A Simple Guide to EDM Genres Part 2
Hello and welcome to part 2 of a 3 part article series detailing the many different genres and sub-genres of Electronic Dance Music. If you’re just joining us, feel free to read part 1 to get up to speed, or if you’re a returning reader, to refresh yourself. To summarize, last time talked about the traditional house genre, the historic sounds of Techno and the rap-hybrid that is Trap Music. We will now be looking into 3 more genres that have cemented their part in EDM culture…
Trance has significant roots in Europe, mainly Germany, and has quickly become one of the most popular sub-genres of EDM. Known for having between 100-150 BPM (beats per minute), Trance sets the building up and breaking down of melodies in a repetitious manner. As mentioned before, Trance’s origins date back to Europe, where is has been significantly popular among other forms of EDM, but it has garnered some praise and appeal here in the United States in recent years.
Some notable artists of this genre include, Above and Beyond, Dash Berlin, Armin Van Buren, and of course the immortal Tiesto.
Dubstep started as a darker, more experimental take on the 2-step sound that was running through London in the late 1990s. Clocking in at around 140BPM, the early sound of dubstep was far from the aggressive tracks that are associated with the genre today. Early incarnations of Dubstep are over a decade old, but the sound really started to grow in 2005, with DJs like John Peel and Mary Anne Hobbs helping bring the exciting new flavor to UK radio. Today, the sound is far from a London thing, and spent many years as the genre to many of today’s EDM fans.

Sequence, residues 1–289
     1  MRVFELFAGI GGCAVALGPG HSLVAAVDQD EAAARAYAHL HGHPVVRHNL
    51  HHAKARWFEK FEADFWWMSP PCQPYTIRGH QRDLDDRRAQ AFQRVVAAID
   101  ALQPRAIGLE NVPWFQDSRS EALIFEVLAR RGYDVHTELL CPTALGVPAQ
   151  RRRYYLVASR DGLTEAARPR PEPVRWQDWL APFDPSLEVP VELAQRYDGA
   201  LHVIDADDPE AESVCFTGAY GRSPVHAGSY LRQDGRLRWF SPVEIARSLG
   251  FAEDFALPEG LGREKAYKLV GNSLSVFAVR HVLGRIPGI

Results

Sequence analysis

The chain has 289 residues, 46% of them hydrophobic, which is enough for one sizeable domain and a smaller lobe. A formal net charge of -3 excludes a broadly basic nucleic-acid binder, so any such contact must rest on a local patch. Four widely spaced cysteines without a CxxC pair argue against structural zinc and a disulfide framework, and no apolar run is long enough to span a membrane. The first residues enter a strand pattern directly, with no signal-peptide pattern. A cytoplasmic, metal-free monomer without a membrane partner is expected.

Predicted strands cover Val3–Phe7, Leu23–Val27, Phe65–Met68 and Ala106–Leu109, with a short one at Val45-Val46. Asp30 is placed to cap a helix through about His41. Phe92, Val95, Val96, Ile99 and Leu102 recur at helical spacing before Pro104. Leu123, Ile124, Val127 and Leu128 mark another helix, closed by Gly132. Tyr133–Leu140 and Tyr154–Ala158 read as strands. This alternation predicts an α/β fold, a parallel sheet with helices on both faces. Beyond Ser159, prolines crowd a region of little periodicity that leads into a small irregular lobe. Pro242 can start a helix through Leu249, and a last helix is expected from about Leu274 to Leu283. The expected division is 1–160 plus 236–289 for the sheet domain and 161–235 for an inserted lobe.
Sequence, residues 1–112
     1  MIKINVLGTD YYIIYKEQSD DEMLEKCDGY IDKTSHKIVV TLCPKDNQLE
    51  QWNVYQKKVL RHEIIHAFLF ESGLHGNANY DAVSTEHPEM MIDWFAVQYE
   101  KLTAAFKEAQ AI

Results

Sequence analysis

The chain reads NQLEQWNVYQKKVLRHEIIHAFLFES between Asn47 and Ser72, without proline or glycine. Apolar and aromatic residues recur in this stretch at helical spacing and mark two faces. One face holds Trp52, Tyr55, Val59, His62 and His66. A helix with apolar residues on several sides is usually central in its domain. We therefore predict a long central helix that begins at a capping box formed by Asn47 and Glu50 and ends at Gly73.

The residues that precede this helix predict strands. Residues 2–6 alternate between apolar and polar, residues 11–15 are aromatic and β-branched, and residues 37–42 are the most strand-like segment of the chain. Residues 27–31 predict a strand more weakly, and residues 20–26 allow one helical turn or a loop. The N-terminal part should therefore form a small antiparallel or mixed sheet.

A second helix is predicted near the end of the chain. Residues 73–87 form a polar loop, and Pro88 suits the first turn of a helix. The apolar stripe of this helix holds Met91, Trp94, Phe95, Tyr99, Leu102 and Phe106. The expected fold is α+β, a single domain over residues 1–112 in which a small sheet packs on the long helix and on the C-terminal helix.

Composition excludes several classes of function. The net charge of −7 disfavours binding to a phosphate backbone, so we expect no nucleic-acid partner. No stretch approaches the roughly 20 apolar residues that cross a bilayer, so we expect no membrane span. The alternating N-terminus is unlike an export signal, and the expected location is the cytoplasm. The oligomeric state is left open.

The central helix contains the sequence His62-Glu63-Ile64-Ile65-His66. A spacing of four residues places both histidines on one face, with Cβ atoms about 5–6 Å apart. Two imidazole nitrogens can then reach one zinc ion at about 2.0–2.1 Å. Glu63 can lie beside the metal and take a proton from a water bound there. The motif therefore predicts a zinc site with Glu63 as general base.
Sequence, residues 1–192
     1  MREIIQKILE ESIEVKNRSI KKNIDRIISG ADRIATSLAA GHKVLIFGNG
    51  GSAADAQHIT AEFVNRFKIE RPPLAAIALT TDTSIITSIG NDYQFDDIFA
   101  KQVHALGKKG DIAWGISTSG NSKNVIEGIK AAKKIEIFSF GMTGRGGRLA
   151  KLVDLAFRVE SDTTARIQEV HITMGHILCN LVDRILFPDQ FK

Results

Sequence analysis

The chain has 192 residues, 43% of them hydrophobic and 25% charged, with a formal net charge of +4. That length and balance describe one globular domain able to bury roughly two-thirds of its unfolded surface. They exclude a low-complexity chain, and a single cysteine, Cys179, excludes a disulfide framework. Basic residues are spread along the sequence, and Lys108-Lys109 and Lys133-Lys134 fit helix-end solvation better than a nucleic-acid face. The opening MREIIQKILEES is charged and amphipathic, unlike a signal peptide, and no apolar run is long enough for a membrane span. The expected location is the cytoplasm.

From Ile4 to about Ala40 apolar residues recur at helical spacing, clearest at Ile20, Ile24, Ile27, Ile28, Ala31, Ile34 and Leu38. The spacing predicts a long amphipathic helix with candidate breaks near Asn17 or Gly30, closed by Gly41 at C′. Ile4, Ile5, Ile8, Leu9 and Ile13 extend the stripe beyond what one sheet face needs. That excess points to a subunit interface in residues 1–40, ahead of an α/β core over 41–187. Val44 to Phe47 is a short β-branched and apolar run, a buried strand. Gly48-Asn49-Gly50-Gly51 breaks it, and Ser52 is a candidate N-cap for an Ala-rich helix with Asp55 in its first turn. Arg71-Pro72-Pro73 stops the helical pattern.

The music website Allmusic has described Dubstep’s overall sound as “tightly coiled productions with overwhelming bass lines and reverberant drum patterns, clipped samples, and occasional vocals.” One recognizable way you can distinguish Dubstep is the wobble bass, often referred to as the “wub”, where an extended bass note is manipulated rhythmically.
Some notable artists of Dubstep are Flux Pavillion, Skream, Rusko and Skrillex.
Drum & Bass
Drum & Bass might be one of the most intense, misunderstood sounds within the EDM scene. While its roots are in the hardcore rave scene of London in the early 1990s, it mutated into a darker, more sinister sound all to its own, gobbling up reggae/dancehall sub-bass with sped-up breakbeats. Clocking in at 160-180 BPMs, the obvious emphasis on the drum work and bassline gives Drum and Bass its name. Over the years, it has encompassed a number of sounds, with sub-genres incorporating jazz, soul, hip-hop, and even other EDM styles like trance.
Notable artists include Bad Company, High Contrast, Andy C, Netsky and Pendulum.
Stay tuned for the final part of a simple guide to EDM genres!
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